Canada Post staff across the country and in Williams Lake will head back to work today.
On the weekend the House of Commons passed Bill C-6 after a 58-hour debate. The legislation was then approved by the Senate and given royal assent. The legislation imposes a settlement and ends the lock out of nearly 50,000 postal workers that began June 14 with a series of rotating strikes at selected cities across the country and escalated to a brief reduction in delivery service before the corporation announced the lock out.
Ivan Bonnell, president of Canadian Union of Postal Workers Local 854, couldn’t be reached for comment Monday afternoon; however, Bonnell stated last week he did not support back-to-work legislation.
“As a labour union we support free collective bargaining and the right to strike is an essential component of that concept. Back-to-work legislation strips workers of those rights and on that simple premise we don’t support it.”
In the house, the NDP had attempted to fight the legislation calling it a threat to workers’ collective bargaining rights and tried to delay it as long as possible.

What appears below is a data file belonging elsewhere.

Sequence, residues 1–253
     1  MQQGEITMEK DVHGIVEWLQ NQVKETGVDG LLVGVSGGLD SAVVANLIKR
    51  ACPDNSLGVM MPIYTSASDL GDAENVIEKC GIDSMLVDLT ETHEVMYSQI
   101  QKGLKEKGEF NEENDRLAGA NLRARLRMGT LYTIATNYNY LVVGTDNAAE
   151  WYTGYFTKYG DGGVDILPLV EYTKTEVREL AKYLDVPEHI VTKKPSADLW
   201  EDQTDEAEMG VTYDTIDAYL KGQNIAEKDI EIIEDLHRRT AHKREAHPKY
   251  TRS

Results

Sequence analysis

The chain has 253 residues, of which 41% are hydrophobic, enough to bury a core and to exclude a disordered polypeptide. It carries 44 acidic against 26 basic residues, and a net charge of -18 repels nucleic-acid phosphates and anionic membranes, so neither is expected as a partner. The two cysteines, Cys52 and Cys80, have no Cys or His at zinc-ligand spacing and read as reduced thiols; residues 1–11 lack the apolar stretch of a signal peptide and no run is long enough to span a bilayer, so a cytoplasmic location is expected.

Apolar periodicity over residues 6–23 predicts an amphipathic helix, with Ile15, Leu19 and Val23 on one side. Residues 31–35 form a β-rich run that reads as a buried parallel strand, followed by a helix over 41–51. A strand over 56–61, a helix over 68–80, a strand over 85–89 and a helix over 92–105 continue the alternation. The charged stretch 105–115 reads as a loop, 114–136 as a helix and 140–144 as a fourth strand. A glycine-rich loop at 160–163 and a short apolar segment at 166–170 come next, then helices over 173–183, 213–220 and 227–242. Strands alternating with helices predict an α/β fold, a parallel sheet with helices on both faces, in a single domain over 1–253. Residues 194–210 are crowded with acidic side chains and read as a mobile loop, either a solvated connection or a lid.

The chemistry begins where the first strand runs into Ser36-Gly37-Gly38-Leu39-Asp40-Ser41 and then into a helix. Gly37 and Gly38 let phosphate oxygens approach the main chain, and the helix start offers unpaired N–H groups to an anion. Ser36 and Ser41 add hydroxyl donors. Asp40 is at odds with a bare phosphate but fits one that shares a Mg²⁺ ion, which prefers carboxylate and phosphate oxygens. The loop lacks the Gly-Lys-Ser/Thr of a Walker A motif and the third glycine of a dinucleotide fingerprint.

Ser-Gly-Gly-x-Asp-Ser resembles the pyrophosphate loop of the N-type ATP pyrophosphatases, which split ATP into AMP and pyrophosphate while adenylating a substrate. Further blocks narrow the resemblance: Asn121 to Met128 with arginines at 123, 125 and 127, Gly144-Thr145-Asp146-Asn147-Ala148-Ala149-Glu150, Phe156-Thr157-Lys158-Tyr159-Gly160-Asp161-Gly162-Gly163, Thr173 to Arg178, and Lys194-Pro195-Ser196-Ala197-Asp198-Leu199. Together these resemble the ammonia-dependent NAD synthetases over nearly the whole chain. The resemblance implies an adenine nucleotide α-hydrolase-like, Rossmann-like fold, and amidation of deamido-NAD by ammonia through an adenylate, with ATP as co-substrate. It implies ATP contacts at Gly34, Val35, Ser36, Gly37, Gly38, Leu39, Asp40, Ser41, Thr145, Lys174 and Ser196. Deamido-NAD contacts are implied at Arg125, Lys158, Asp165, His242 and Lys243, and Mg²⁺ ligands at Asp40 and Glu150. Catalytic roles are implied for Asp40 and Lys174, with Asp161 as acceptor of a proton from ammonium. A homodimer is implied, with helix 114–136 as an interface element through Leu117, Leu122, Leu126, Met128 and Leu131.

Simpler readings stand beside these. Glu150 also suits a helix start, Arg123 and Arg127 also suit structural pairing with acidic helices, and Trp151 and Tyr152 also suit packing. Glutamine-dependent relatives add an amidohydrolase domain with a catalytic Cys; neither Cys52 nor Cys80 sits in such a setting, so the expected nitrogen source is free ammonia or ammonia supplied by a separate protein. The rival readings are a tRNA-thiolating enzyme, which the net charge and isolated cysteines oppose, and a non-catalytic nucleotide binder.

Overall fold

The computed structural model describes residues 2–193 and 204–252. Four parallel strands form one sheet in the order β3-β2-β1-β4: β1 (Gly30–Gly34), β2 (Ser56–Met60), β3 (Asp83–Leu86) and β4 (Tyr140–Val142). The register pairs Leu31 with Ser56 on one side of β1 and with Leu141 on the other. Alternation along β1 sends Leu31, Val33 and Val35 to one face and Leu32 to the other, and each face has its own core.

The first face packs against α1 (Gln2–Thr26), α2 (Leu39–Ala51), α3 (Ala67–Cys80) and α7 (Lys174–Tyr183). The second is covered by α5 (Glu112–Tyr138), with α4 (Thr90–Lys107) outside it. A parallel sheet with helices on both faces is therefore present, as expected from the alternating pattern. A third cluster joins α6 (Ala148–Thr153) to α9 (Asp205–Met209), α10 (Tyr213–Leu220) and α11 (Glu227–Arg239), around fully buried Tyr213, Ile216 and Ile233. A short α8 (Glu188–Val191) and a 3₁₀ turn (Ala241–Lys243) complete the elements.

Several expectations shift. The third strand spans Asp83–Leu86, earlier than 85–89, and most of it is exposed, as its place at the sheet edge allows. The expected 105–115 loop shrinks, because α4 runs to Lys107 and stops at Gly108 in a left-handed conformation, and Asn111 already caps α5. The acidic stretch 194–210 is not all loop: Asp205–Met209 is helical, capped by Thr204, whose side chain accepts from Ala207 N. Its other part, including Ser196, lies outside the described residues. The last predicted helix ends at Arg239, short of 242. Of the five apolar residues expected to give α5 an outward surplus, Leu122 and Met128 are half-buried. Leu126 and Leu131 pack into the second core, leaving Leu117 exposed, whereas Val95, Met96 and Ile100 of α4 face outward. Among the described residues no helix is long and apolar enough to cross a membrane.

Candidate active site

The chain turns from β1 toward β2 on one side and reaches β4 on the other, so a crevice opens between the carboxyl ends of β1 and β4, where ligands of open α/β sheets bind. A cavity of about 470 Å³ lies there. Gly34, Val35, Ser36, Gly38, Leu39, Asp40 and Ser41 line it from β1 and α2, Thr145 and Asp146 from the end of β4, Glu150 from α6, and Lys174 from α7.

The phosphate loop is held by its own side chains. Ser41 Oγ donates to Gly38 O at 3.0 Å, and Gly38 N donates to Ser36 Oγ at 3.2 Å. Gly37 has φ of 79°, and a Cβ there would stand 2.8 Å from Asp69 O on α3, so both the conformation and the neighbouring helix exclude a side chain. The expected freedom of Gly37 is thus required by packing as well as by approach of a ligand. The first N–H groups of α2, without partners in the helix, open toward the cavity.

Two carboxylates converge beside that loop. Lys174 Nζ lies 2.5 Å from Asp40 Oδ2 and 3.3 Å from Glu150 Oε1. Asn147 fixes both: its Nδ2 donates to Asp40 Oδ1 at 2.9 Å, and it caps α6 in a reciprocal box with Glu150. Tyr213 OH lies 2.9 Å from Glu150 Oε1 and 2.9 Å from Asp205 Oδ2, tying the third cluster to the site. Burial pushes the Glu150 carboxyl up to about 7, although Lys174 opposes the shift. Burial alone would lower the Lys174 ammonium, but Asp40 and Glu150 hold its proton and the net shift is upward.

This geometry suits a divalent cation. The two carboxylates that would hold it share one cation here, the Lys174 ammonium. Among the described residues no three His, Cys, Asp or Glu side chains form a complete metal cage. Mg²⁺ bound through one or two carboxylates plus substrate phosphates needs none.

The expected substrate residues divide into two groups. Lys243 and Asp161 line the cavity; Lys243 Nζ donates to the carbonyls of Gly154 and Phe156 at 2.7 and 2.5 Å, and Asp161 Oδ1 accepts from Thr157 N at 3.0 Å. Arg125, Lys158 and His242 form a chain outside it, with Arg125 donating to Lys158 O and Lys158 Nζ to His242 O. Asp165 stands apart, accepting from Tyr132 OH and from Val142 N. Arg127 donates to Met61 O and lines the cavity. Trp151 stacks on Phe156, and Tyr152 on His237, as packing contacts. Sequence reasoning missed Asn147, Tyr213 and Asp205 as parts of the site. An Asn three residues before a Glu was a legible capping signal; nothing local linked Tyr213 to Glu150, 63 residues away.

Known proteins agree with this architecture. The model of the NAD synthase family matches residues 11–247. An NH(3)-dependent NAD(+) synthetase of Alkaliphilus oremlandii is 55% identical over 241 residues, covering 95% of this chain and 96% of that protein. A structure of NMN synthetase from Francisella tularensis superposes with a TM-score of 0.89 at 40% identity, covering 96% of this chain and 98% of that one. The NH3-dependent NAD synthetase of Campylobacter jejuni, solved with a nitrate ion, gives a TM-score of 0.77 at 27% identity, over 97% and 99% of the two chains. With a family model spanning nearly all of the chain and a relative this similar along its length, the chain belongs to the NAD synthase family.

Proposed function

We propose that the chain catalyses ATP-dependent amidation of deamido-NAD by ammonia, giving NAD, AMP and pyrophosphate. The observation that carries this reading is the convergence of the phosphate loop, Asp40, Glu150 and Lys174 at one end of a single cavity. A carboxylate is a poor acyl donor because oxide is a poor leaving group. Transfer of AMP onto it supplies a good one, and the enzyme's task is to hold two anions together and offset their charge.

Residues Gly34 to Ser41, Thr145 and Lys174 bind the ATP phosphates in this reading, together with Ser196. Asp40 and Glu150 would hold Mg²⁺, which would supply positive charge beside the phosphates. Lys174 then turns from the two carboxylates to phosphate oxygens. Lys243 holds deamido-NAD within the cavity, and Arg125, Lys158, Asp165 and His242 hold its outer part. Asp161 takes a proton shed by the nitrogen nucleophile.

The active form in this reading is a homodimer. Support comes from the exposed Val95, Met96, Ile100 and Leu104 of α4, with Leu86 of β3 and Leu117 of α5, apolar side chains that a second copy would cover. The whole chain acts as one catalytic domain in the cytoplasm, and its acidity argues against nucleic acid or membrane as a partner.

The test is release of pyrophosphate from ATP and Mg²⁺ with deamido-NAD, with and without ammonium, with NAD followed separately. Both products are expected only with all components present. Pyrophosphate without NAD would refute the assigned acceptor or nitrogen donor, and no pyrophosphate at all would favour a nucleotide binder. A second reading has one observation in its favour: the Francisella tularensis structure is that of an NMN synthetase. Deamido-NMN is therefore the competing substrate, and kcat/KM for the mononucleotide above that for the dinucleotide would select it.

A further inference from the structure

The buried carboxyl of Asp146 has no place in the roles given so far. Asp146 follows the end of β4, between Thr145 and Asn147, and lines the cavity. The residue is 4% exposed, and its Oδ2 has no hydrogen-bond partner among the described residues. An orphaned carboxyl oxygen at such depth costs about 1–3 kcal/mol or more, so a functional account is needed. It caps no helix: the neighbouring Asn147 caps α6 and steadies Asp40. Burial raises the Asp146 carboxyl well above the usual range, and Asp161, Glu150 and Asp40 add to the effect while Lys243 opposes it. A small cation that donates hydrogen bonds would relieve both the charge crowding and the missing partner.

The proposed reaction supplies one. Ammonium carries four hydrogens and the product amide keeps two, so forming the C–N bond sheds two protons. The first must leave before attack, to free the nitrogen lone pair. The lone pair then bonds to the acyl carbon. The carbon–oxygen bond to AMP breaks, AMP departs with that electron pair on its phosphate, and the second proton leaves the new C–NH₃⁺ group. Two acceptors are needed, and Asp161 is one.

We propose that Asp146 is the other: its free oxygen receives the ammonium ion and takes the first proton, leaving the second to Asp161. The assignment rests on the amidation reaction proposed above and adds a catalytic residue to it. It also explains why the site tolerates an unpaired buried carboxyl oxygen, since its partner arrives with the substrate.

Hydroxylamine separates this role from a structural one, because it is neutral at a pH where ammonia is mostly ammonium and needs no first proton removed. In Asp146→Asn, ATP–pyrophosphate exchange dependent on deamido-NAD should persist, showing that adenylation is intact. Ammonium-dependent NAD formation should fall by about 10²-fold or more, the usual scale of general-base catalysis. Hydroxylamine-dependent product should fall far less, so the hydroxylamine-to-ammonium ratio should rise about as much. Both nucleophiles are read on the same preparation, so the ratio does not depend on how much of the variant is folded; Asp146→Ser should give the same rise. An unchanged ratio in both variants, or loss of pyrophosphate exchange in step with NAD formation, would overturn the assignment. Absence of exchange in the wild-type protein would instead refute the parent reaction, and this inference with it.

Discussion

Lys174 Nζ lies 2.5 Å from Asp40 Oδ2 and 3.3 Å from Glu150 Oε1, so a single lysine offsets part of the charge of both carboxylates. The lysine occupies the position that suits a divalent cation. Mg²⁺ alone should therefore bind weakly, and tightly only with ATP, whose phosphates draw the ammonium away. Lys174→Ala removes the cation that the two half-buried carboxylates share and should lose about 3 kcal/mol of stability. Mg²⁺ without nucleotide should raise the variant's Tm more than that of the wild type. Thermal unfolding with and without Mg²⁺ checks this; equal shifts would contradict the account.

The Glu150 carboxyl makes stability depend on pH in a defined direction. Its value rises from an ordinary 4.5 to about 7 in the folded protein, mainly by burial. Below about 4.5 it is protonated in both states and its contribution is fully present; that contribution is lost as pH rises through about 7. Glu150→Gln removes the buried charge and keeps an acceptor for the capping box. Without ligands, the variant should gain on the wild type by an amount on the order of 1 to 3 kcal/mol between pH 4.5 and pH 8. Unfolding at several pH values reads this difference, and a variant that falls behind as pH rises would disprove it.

The goal was to buy time for a negotiated deal that would supersede the one offered through legislation. However, on Saturday union leaders said further talks with Canada Post were unsuccessful.
The NDP then tried to amend the bill to raise the wage levels to be imposed but the amendment was defeated by the Conservative majority.
An arbitrator will now choose between the final offers of the two sides on non-wage matters in a winner-take-all process.
Labour Minister Lisa Raitt had said that Ottawa had to intervene because of the risk of damage to the economy. The two sides — CUPW and Canada Post Corporation — had been bargaining since October 2010 and CUPW members had been without a contract since Jan. 31. During bargaining some of the issues of contention had been lower wages for new hires, a change in pension plan type, an increase to health and dental insurance premiums and the removal of job security that arises due to technological change.
Mail sorting began yesterday with deliveries expected to start today.
— With files from Jeff Nagel